Was Elvis a Racist?

The Elvis statue on Beale is covered in a light veil of snow. Photo by Brent Wheeler, © 2008

For several decades a rumor has persisted that Elvis Presley once said, "The only thing Negroes can do for me is buy my records and shine my shoes." The very fact that the rumor has persisted for so long is, for some people, proof of the accuracy of the claim. Nevertheless, it has been concluded that Elvis almost certainly never made such a statement.

    According to multiple sources, this quote was published in 1957 in a Sepia magazine article, which said that it was rumored Elvis made this statement either at an appearance in Boston or during a appearance on the television program "Person To Person". However, at that time, Elvis had neither been to Boston nor appeared on that TV show.

    Later in 1957, JET Magazine published an article on "The Truth About That Elvis Presley Rumor" and interviewed Elvis himself, who denied it, and according to this Daily Beast article said, " 'I never said anything like that,” Elvis said at the time. “And people who know me know I wouldn’t have said it.'”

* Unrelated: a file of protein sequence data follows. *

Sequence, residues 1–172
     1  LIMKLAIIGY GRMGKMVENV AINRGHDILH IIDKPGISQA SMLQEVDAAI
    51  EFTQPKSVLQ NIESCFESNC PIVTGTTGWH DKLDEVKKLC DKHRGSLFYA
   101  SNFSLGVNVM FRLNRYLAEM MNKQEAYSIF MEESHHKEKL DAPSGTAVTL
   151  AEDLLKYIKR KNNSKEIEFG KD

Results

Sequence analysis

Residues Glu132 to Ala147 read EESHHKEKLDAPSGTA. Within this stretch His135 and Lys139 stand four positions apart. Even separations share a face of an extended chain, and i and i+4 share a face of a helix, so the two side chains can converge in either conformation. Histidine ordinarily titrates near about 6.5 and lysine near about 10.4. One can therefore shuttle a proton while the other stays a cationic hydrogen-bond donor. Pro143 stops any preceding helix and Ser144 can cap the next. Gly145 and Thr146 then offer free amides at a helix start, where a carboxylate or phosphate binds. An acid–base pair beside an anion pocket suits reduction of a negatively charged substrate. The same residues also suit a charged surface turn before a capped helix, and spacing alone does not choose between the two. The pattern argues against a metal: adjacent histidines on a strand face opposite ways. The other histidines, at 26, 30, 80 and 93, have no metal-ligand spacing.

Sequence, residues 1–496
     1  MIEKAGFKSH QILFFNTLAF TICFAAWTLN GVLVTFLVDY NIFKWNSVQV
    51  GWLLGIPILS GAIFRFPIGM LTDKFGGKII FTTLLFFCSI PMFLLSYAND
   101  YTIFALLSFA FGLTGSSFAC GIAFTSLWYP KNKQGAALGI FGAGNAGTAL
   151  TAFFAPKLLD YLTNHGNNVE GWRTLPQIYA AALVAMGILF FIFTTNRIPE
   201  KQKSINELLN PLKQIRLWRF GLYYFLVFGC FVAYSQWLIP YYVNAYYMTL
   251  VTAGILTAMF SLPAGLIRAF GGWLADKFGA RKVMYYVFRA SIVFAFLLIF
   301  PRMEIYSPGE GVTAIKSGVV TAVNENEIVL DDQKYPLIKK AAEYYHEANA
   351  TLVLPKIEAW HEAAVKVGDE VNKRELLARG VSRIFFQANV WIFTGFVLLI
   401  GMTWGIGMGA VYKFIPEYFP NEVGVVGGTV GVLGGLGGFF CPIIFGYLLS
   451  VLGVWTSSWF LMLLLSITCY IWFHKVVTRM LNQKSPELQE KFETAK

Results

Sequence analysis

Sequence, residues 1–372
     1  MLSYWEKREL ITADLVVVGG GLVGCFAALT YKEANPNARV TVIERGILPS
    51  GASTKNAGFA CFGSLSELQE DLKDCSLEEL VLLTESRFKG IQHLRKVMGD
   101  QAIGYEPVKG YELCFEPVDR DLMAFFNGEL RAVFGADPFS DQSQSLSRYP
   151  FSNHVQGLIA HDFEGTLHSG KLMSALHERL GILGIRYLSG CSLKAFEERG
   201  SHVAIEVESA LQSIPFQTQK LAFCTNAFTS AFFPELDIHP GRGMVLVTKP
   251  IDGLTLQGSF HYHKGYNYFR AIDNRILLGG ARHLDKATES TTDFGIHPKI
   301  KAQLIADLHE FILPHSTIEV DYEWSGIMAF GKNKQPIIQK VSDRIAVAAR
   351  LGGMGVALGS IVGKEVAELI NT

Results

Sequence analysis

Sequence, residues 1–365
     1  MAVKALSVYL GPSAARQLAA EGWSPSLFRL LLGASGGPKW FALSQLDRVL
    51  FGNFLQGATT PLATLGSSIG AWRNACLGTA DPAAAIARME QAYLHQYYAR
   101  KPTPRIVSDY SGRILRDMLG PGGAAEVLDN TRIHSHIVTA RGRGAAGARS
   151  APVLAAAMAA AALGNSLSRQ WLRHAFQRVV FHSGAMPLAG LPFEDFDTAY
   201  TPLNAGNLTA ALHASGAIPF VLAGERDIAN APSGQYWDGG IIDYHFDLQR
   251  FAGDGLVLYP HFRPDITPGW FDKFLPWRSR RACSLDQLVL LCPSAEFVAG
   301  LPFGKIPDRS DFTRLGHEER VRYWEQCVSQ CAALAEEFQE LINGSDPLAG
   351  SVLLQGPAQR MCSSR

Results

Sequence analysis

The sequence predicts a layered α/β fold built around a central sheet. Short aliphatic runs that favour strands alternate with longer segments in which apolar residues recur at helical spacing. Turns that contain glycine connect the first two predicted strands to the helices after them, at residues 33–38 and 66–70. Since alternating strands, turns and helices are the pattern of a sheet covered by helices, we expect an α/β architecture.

Not only had the first time the rumor ever appeared in print, it was cited as a rumor, but the circumstances around the rumor were proven to be untrue. In addition, many black friends and associates of Elvis came to the singer's defense, maintaining that he never would have made such a remark.

    On the other hand, discrediting a single remark does not accurately explain Elvis Presley and his success through the lens race, racism, or cultural and racial appropriation. It's well documented that rock music was a product of Southern genres of music developed by black musicians - blues, bluegrass, gospel, and more. It's also well documented that Elvis spent his childhood immersed in the black community, both in his hometown of Tupelo, Mississippi, and in Memphis, Tennessee. 

    That this new genre only exploded as the quintessential American genre only after white artists like Elvis Presley and Carl Perkins were able to record and market their music is a testimony to the system of racial inequality that existed in the U.S. in the 1950s and persists today.

    For an in-depth examination of the racism rumor and why it is, in all probability, false, visit these resources:

    For an in-depth examination on the racism inherent in American music history, this article provides perspective. 

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